Mimosa Rocks National Park
Park Overview
Located not far from Bega on the far south coast of NSW, Mimosa Rocks National Park offers a great camping holiday. Visit today to go fishing or birdwatching. Just a short drive from Bega, Mimosa Rocks National Park offers up show-stopping headland views, beaches and pure lagoons, and you’ll be spoilt for choice with lookouts, rainforest pockets and historic sites to explore.The park takes its name from the Paddle Steamer Mimosa that wrecked in 1863 after running onto rocks at the northern end of the park. The rocks of Mimosa have distinctive castle-like features that are the result of intricate folds, faults and intrusions occurring in the rock. For a view you’ll never forget, head to Bunga Head for sunrise, the rocks look magnificent backed by the pinks of the early morning sky.You’ll also find plenty of opportunities for fishing, surfing, snorkelling and birdwatching throughout the park and there are great picnic areas to stop for a break. The park’s headlands are great vantage points for whale watching in winter.It’s a great place to escape to for the day, and if you’d like to stay for longer, there are a range of campgrounds to choose from, including sites with motorhome and camper trailer access.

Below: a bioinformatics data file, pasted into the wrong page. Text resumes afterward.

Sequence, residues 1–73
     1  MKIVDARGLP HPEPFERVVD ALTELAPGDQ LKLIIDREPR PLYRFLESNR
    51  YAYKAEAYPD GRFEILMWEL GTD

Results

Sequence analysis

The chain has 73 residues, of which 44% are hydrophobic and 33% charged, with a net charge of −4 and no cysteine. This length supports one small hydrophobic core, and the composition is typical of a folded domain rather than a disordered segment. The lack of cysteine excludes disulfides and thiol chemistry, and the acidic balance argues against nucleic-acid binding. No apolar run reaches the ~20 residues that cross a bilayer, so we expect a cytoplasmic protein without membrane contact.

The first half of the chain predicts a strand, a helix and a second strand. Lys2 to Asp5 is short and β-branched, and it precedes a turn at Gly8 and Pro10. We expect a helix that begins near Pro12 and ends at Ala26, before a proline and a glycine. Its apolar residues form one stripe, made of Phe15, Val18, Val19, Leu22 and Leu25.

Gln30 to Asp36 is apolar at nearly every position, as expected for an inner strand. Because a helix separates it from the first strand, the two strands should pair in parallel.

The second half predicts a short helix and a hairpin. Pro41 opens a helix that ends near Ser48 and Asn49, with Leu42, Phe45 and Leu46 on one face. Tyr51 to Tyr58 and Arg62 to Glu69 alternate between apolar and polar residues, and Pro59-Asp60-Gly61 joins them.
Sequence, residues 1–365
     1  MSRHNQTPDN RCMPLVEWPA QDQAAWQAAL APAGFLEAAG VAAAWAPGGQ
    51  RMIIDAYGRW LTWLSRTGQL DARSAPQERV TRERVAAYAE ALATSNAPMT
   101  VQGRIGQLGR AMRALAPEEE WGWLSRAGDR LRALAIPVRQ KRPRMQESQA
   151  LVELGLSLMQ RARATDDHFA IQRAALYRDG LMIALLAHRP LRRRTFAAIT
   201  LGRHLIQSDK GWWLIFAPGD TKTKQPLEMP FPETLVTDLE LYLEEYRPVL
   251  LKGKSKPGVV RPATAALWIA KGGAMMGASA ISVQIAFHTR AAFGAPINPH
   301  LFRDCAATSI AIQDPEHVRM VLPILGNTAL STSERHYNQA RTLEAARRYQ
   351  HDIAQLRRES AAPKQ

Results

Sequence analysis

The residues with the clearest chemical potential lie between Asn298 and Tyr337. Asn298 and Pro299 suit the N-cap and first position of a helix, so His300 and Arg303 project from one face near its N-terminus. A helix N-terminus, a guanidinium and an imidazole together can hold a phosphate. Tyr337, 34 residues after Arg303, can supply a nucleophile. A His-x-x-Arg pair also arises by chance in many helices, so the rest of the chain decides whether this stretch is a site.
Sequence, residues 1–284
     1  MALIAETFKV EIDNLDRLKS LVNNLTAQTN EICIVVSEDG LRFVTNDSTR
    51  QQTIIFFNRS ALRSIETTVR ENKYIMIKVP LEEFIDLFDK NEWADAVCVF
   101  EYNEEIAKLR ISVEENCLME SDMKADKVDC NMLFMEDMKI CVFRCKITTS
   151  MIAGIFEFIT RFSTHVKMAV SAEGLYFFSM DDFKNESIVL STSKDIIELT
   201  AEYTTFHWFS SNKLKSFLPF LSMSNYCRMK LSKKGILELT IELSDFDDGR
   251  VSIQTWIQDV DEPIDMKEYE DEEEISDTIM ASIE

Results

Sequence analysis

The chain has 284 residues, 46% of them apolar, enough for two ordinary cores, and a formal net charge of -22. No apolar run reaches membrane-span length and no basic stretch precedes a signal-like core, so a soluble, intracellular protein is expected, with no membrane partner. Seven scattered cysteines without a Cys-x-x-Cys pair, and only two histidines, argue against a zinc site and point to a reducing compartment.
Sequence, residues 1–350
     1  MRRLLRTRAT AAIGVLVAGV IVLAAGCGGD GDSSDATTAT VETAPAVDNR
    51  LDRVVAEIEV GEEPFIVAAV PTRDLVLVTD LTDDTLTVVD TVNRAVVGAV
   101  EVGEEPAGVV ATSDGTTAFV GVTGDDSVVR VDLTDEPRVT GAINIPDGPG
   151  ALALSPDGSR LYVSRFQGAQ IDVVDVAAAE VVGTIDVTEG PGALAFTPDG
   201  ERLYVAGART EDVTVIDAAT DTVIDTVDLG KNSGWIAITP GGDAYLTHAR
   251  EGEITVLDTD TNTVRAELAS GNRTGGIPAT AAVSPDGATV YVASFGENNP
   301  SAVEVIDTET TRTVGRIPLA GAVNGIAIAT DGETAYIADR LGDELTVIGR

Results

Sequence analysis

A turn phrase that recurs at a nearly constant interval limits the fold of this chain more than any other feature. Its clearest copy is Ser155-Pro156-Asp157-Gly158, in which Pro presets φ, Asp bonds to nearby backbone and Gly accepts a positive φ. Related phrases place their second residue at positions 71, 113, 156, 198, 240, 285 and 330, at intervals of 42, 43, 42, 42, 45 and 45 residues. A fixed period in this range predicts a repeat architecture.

Nature of the Area
The park provides refuge for koalas, swamp wallabies and ringtail possums, to name a few. Of an evening at Aragunnu campground, you may not see yellow-bellied gliders flitting between trees, but you might be able to hear their distinctive cackling sound that cuts through the silence of the night. At Gillards campground you may well see a long-nosed potoroo. About the size of a rabbit, they look quite similar to a bandicoot, except that they hop in a similar way to a kangaroo. The potoroo is nocturnal, so you are most likely to see them in the evening. The park is an important stop for many migratory birds that nest along the park’s coastline. Look along the beaches and rock platforms – you may see threatened hooded plovers or pied oystercatchers. The bar-tailed godwit stops by briefly in summer during its migration from Alaska to New Zealand. It’s a well deserved stop off as the bar-tailed godwit makes the longest known non-stop flight of any bird and the longest journey without pausing to feed by any animal. Look for them around the park’s lakes and lagoons.
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